Efforts seem to be paying off
Looking at the Fintech sector, it seems that efforts have started to pay off: since 2015, French start-ups have raised a total of $1.6bn, growing at a 47% CAGR, split over 230 deals (Pitchbook, 2021). France is putting in the work to grab the opportunities brought about by Brexit, especially in attracting tech talent and some of the world’s best entrepreneurs.Overall, the number of deals per year has grown from 27 in 2015 to 51 in 2019, before decreasing to 32 in 2020. The decrease in 2020 is aligned with the global market trend. Timelines for fundraising being impacted by numerous turbulences arising from the coronavirus pandemic; pushing investors in 2020 to focus on later-stage businesses with a clear path to near term profitability (France has a lot fewer of these), driving the median deal from just $1m in 2015, $2.9m in 2019, up to $6.1m.
This focus has enabled fast-growing French start-ups to raise significant funding rounds, boosted by foreign VC funds as recent fundraises show:
Lydia (P2P payments, $131m Series B)
Quonto (business bank, $115m Series C)
Luko (home insurance, $60m Series B)
Spendesk (expense management platform, $56m Series B)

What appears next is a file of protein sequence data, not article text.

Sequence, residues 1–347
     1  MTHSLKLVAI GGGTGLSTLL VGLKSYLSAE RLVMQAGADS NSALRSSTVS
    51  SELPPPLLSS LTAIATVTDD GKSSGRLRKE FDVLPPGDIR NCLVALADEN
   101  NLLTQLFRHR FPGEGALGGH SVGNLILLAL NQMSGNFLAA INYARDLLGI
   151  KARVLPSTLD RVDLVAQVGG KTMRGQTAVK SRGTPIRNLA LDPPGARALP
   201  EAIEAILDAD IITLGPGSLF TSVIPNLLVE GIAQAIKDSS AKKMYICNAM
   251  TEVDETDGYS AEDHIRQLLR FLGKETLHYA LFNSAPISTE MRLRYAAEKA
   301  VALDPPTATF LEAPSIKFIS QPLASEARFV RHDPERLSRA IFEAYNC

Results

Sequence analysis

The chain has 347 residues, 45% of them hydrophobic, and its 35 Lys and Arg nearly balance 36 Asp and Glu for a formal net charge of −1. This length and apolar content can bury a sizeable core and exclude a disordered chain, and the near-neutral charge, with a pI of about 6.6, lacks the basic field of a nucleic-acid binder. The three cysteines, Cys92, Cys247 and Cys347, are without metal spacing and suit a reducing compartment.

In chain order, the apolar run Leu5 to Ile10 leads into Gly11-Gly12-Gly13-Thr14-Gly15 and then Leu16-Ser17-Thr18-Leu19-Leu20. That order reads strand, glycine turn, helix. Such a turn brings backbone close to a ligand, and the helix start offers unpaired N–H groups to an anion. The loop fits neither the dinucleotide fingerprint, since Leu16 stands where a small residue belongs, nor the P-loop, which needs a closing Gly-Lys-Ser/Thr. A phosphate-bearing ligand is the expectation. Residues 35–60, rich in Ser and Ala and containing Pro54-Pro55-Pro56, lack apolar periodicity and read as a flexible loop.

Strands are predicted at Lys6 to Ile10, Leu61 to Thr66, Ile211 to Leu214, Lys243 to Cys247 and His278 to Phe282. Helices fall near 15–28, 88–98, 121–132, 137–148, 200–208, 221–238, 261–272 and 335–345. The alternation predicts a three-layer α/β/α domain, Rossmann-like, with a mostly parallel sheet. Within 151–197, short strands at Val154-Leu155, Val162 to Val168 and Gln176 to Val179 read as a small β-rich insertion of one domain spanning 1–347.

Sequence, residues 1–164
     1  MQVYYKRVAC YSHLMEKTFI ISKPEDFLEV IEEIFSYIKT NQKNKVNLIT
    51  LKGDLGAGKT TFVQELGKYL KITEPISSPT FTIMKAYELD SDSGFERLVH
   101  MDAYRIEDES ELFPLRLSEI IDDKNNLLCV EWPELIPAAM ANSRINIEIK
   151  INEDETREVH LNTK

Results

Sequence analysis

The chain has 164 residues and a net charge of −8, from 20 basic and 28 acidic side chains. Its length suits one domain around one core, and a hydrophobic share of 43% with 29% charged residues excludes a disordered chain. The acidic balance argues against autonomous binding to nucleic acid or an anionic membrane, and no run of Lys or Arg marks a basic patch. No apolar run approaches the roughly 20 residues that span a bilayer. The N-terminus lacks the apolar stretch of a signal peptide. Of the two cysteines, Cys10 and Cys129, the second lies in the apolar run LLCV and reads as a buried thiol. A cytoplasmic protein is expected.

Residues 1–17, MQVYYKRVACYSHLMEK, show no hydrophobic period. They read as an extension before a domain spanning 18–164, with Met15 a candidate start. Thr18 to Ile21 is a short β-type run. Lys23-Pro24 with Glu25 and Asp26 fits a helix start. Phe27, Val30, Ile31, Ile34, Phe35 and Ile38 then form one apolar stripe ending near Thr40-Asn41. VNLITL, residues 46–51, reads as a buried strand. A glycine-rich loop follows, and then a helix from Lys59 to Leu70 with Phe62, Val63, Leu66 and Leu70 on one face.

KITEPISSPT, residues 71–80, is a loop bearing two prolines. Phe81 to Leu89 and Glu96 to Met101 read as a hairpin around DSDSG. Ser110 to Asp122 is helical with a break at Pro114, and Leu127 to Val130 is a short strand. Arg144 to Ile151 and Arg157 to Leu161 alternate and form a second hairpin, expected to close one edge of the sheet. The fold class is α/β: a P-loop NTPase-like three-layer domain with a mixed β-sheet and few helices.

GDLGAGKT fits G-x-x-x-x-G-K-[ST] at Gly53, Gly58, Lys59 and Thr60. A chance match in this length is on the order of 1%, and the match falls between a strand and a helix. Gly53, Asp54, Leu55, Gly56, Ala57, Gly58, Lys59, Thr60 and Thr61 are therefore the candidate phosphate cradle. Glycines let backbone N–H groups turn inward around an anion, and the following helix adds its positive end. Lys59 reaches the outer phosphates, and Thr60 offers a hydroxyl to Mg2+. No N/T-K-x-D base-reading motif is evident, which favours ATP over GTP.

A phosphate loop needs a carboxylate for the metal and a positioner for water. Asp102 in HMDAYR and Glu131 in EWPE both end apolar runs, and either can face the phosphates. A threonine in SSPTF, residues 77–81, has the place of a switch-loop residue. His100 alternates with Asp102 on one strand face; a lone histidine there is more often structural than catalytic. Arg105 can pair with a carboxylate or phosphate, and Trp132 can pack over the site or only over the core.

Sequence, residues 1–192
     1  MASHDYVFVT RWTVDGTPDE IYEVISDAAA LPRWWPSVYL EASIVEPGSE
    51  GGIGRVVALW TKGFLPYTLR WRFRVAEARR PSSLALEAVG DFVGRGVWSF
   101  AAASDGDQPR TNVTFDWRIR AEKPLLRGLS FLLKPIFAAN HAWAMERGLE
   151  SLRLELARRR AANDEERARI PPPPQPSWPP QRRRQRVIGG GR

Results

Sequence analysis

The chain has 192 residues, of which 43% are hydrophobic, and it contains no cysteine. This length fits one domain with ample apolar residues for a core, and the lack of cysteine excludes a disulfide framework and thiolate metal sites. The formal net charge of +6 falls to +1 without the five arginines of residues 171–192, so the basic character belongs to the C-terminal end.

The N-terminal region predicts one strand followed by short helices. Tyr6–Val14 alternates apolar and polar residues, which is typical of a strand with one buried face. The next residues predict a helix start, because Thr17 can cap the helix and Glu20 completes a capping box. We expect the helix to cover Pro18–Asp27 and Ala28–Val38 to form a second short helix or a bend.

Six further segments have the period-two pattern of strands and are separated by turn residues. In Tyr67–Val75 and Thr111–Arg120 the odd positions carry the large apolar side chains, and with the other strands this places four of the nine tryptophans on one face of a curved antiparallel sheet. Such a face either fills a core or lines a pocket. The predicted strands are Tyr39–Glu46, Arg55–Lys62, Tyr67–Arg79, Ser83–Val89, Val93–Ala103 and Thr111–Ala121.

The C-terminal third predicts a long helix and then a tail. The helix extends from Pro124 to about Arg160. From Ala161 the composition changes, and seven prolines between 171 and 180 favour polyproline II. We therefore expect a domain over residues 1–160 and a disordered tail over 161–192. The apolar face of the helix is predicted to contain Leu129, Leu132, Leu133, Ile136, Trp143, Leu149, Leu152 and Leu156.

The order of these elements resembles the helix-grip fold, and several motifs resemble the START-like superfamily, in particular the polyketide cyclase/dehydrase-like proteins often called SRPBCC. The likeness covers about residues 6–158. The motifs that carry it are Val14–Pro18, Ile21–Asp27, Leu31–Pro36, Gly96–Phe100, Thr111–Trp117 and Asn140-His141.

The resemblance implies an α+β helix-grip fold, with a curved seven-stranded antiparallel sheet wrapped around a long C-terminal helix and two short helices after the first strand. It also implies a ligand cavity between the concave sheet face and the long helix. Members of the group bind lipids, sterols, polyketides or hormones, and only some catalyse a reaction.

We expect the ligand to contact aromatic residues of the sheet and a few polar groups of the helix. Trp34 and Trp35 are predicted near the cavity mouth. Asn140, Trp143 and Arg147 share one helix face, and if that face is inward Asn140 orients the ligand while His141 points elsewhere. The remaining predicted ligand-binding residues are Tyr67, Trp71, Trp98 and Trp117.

Alan (health insurance, $54m Series C)
To name but a few foreign blue-chip investors, the companies mentioned above have convinced Accel, DST Global, Eight Roads, EQT Ventures, Index Ventures, Speedinvest and Tencent to back their missions.
With direct access to the 500m consumers across the European market, a highly qualified and entrepreneurial workforce, and an increasing global awareness of the quality of its tech start-ups, France is ideally positioned to become a major pole of tech and fintech innovation over the next few years and put London to the test.
The French government is undoubtedly bullish in its aspiration and conviction, giving French tech a target of 25 unicorns by 2025 (vs. 7 as of 31 Dec 2020). The French Next40/120 programmes will help enhance public awareness and give these start-ups the resources to fulfil their ambitions.
We would not be surprised to see in the next few years true global leaders emerging from this energised French Fintech environment: Don’t say you haven’t been warned!